24 September 2020
  • Share

In an earlier blog, we focussed on the chemistry aspects of the Tesla innovations from their Battery Day event on 22 September 2020 that are applicable across the battery sector, but there were more specific announcements that will undoubtedly get the Electric Vehicle (EV) community talking.

First up was the confirmation from the Tesla team that they have developed their own battery manufacturing capability based around a new size of basic cell. The new cells have a larger diameter and length than those currently sourced by Tesla from Panasonic. What may seem like a relatively small increase in absolute size (25mm increase in diameter to 46mm and length up 10mm to 80mm) gives them a surprising fivefold increase in power per cell and also means that for the same number of physical units manufactured they get a large increase in the storage capacity for installation in new EVs.

The new batteries are formed using Tesla’s dry electrode coating technology bought in with their acquisition of Maxwell Technologies in 2019, merged with their innovative tabless cells which remove the standard electrode “tabs” connecting the “swiss roll” cell structure to the battery terminals. The tabless technology, being patented by Tesla, significantly reduces the resistive heating hurdles that are typically associated with increasing cell size, making the 46mm diameter viable and making the battery core much easier to manufacture. The developments in EV cell design apparently give Tesla a 16% range increase on their vehicles and, perhaps more importantly, a 14% decrease in the cost per KWh in battery production.

These new, larger cells also form the basis of what Musk touted as becoming the standard way everyone will embed batteries in vehicles in the future. The Tesla engineers have removed most of the supporting architecture from the existing battery packs and are using the individual cell casings as structural elements to increase the rigidity and shear strength of the units installed in their cars. This allows them not only to do away with some 370 components from their cars but it also reduces weight and size and makes the battery pack a viable structural part of the vehicle.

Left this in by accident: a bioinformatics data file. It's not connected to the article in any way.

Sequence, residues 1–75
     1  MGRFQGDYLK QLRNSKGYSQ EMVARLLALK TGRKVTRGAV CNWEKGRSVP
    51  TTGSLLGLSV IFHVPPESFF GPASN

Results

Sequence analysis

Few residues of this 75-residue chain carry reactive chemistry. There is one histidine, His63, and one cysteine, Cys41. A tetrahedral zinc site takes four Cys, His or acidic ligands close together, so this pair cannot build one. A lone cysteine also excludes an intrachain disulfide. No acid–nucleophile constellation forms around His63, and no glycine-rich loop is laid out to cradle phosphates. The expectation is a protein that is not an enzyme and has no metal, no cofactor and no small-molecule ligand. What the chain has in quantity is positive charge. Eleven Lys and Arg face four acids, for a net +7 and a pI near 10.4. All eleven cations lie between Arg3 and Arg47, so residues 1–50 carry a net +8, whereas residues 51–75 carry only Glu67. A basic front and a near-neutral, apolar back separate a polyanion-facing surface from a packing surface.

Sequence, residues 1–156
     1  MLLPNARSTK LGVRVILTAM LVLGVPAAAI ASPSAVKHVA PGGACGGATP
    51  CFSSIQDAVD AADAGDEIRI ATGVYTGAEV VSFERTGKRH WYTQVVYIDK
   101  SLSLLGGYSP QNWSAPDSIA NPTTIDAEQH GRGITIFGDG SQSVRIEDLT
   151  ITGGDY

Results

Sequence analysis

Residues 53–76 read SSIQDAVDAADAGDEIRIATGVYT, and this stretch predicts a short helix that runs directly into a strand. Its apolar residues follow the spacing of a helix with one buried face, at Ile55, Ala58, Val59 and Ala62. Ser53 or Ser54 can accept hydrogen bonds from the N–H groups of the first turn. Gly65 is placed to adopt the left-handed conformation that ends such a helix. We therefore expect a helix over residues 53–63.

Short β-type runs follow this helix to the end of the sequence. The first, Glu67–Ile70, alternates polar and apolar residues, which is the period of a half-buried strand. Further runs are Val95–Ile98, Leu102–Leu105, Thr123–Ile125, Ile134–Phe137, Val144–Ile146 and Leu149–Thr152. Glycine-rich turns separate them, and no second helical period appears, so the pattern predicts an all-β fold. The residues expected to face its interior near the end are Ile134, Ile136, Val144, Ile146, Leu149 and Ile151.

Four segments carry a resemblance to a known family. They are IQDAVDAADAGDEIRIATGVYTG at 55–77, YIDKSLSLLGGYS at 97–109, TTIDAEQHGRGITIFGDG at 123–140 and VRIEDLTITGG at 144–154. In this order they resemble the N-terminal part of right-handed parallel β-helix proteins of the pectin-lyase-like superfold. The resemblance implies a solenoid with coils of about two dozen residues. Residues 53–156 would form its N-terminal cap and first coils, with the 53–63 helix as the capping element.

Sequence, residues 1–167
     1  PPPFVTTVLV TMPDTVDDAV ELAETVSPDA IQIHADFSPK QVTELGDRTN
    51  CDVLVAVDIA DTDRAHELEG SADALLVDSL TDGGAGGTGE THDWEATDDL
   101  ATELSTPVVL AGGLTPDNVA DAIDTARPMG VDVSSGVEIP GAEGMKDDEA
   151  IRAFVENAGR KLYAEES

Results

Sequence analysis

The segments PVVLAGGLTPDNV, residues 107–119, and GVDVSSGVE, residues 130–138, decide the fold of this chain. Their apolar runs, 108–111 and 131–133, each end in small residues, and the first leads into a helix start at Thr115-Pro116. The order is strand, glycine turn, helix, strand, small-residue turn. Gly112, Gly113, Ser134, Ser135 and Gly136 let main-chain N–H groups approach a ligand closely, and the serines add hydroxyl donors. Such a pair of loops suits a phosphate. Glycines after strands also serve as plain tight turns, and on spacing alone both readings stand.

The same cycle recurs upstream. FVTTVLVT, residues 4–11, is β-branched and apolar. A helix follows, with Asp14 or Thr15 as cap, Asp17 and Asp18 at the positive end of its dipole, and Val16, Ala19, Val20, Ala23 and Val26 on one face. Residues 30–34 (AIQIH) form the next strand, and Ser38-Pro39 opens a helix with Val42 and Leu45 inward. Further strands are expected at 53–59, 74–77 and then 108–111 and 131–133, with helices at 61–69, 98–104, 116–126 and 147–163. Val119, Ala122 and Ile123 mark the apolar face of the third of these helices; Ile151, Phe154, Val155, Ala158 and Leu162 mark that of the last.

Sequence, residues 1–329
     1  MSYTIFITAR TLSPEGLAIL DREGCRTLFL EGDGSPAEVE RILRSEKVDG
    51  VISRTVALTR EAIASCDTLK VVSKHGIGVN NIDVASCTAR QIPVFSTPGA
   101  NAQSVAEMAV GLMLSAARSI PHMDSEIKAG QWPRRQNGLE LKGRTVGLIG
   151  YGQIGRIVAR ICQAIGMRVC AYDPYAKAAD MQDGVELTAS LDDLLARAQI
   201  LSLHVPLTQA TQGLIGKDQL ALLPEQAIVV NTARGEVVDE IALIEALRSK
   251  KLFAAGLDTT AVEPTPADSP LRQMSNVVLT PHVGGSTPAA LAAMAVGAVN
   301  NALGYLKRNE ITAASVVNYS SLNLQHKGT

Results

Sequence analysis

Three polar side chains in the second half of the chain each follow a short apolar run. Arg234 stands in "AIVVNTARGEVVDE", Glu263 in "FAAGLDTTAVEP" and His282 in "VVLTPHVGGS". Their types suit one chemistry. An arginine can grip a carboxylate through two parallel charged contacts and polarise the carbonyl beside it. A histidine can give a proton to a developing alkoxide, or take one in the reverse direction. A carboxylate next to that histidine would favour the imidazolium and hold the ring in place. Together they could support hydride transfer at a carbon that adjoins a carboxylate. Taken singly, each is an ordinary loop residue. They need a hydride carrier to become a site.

The overall weight saving is apparently greater than the total weight of the non-cell parts of the battery pack. According to Musk the result is a noticeable improvement in vehicle handling due largely to the weight of the battery pack being lower and concentrated in a smaller region in the middle of the vehicle. The weight reduction also provides a welcome range increase of 14%. The new smaller battery packs are also said to be safer because they can sit hidden away in the centre of the vehicle reducing the chances of damage in an impact.

Musk used an analogy with the historic change from aeroplanes carrying the weight of separate fuel tanks to storage of fuel in the structure of aircraft wings, and made the bold claim that “in the long term, any cars that do not take this architecture will not be competitive”.

Although these announcements come in the context of the Tesla company, their open source IP policy means that the innovations could easily see much wider applicability across the industry on a shorter timescale than usual.

Sam is a Partner and Patent Attorney at Mewburn Ellis. He works principally on chemistry and materials science patents. Sam has extensive experience drafting new patent applications and coordinating prosecution and grant worldwide. He also regularly represents clients at EPO oppositions and appeals. Sam has a particular interest in Supplementary Protection Certificates (SPCs) and leads our SPC group.

Sign up to our newsletter: Forward - news, insights and features

Our People

Our IP specialists work at all stage of the IP life cycle and provide strategic advice about patent, trade mark and registered designs, as well as any IP-related disputes and legal and commercial requirements.


Contact Us

We have an easily-accessible office in central London, as well as a number of regional offices throughout the UK and an office in Munich, Germany.  We’d love to hear from you, so please get in touch.